Essay by Jonathan Coopersmith: “In addition to killing over a million Americans, Covid-19 revealed embarrassing failures of local, state, and national public health systems to accurately and effectively collect, transmit, and process information. To some critics and reporters, the visible and easily understood face of those failures was the continued use of fax machines.
In reality, the critics were attacking the symptom, not the problem. Instead of “why were people still using fax machines?,” the better question was “what factors made fax machines more attractive than more capable technologies?” Those answers provide a better window into the complex, evolving world of technological obsolescence, a key component of our modern world—and on a smaller scale, provide a template to decide whether the NAE and other organizations should retain their fax machines.
The marketing dictionary of Monash University Business School defines technological obsolescence as “when a technical product or service is no longer needed or wanted even though it could still be in working order.” Significantly, the source is a business school, which implies strong economic and social factors in decision making about technology.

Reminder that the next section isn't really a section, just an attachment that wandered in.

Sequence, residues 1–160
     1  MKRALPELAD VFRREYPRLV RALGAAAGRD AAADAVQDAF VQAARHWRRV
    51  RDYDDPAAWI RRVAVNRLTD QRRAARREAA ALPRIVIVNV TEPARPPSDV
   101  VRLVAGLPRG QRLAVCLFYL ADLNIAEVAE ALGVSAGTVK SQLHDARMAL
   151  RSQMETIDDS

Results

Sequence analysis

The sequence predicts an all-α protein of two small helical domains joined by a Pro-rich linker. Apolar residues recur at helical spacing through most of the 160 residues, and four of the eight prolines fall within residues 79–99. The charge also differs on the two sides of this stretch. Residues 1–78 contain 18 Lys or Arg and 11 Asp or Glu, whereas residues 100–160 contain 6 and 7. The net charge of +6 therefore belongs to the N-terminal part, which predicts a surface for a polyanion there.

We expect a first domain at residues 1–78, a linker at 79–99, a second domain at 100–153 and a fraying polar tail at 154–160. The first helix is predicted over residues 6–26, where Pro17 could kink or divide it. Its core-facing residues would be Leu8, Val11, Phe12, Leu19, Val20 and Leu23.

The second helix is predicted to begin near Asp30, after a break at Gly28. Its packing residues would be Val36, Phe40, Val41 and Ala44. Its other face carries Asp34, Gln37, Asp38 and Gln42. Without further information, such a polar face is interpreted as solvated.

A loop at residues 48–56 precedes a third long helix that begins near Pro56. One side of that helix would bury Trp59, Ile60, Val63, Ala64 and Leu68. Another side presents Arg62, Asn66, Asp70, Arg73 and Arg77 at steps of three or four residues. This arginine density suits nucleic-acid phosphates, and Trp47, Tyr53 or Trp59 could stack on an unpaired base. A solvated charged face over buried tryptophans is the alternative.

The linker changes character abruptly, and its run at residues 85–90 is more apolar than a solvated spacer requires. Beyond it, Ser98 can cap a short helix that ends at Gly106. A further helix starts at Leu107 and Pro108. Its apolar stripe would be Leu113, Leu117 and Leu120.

Determining technological obsolescence depends not just on creators and promoters of new technologies but also on users, providers, funders, accountants, managers, standards setters—and, most importantly, competing needs and options. In short, it’s complicated.
Like most aspects of technology, perspectives on obsolescence depend on your position. If existing technology meets your needs, upgrading may not seem worth the resources needed (e.g., for purchase and training). If, on the other hand, your firm or organization depends on income from providing, installing, servicing, training, advising, or otherwise benefiting from a new technology, not upgrading could jeopardize your future, especially in a very competitive market. And if you cannot find the resources to upgrade, you—and your users—may incur both visible and invisible costs…(More)”.